36-40 weeks pregnant

You are on the home straight of your pregnancy now and your baby will be in your arms very soon. It’s time to put the finishing touches to your plans for birth and the arrival of your newborn baby. You may be feeling like resting more than usual, so if possible listen to your body’s cues and take rest breaks in your day if this is possible. If you are over 40 weeks pregnant have a look at our blog about going over your due date.

At 36 weeks of pregnancy your baby weighs around 6lbs. Your midwife or doctor will check that your baby is presenting head down (cephalic). If your baby is breech or more uncommonly transverse, you will be offered external cephalic version (ECV), where an experienced doctor will try to gently turn your baby to a cephalic presentation. Look at our blog on breech presentation for more information.

At 37 weeks of pregnancy your baby is now considered full term and mature enough to be born and thrive. Their lungs should be producing a substance called surfactant, which helps with inflation and deflation of their lungs, therefore helping to prevent any breathing difficulties after birth.

At 38 weeks of pregnancy your baby should still be continuing to gain weight and be moving in their usual movement pattern. If you haven’t already, make sure you have everything to hand in your hospital or birth bag in case you go into labour.

At 39 weeks of pregnancy your baby is the size of a small watermelon. You may notice that your body has increased the frequency and intensity of the Braxton Hicks tightenings. This is a positive sign that your uterus is toning itself ready for labour and birth. In the days leading up to labour, your cervix will also be thinning down and softening, in readiness to dilate for labour and birth.

At 40 weeks of pregnancy your baby could weigh between 7 and 8lbs in weight. This is just an average and depends on individual factors, so your baby could weigh more or less than this. Don’t get fixated on your baby arriving on their due date, in fact only 5% of babies are punctual and arrive on their estimated due date. Full term pregnancy is actually a window of 35 days of potential due dates, from 37-42 weeks.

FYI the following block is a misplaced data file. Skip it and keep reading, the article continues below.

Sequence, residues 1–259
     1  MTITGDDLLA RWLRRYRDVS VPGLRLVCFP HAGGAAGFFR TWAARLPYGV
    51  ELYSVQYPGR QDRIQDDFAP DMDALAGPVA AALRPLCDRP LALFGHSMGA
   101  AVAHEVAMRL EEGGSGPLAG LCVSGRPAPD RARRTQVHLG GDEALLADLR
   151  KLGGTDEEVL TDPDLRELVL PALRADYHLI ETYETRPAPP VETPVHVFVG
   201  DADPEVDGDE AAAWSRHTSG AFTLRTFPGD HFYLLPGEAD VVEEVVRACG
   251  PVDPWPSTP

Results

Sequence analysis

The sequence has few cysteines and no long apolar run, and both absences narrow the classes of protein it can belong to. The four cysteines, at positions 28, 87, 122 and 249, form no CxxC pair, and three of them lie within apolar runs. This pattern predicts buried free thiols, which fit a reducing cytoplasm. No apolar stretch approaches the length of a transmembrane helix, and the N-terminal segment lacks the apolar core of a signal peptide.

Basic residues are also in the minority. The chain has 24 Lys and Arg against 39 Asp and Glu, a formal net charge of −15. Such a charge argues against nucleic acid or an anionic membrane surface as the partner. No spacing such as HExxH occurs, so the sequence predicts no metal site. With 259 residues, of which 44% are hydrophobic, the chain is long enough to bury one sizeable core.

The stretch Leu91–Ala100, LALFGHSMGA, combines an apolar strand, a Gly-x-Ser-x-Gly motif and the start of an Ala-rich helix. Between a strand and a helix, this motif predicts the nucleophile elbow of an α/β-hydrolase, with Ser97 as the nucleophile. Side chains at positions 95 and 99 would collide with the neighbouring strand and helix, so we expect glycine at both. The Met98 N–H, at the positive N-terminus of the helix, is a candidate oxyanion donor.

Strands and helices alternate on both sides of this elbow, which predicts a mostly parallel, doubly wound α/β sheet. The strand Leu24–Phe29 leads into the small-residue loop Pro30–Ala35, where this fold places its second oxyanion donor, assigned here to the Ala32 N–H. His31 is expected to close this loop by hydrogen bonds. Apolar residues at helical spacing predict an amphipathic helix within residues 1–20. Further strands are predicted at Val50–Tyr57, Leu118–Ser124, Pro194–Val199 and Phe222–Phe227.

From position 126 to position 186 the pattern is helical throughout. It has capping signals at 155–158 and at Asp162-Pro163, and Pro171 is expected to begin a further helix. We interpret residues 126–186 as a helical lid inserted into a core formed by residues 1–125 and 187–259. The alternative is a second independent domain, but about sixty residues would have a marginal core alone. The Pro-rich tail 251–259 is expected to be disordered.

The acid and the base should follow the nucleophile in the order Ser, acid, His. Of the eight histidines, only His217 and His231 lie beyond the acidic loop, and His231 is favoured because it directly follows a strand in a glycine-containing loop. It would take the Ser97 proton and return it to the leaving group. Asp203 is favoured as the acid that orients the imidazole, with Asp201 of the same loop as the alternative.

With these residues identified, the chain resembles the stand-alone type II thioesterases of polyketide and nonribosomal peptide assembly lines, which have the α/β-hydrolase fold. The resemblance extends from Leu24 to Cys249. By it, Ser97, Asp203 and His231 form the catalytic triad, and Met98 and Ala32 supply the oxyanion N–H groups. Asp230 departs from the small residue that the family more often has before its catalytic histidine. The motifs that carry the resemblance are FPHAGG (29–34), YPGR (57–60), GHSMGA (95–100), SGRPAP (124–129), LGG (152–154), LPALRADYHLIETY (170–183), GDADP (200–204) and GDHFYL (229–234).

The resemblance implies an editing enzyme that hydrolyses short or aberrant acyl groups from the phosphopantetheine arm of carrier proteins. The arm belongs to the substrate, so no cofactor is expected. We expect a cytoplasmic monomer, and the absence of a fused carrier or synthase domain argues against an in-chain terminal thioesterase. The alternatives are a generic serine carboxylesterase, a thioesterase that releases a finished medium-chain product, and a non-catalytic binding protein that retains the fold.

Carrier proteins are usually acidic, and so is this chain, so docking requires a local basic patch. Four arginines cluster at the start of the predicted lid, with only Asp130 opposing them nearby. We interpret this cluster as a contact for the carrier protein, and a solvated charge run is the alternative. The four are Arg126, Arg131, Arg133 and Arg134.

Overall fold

Preparing your body and mind for labour and birth

  • Consider using hypnobirthing techniques for your labour and birth to help you to reduce anxiety and relax. Hypnobirthing can be employed to deal with lots of different situations to help you stay in control and make decisions. You can search for face-to-face classes in your area, buy a book or CD or find further information online. More information can be found on our hypnobirthing blog.
  • Make sure that you have included all your wishes on your birth plan and that your birth partner(s) know how to advocate for you too when you are focusing on your labour.
  • Think about using music, however you decide to give birth. You can make a playlist of your favourite tunes or ones you think will be helpful during labour and birth. If you are having an elective caesarean, theatre staff are usually happy to put on your play list.
  • It has been shown that eating 6 dates a day from 36 weeks in your pregnancy can help labour to start sooner and to shorten the length of your labour. Worth a try for a few weeks even if you’re not that keen on them!
  • Drinking red raspberry leaf tea from 32 weeks pregnant will not help labour to start, but it will help to tone your uterus so it will work more effectively once labour begins. It is available in health food shops and most large supermarkets.

Summary

In summary, your baby could be born at any time now, so being prepared for the birth and their arrival will help the first few days to run more smoothly.

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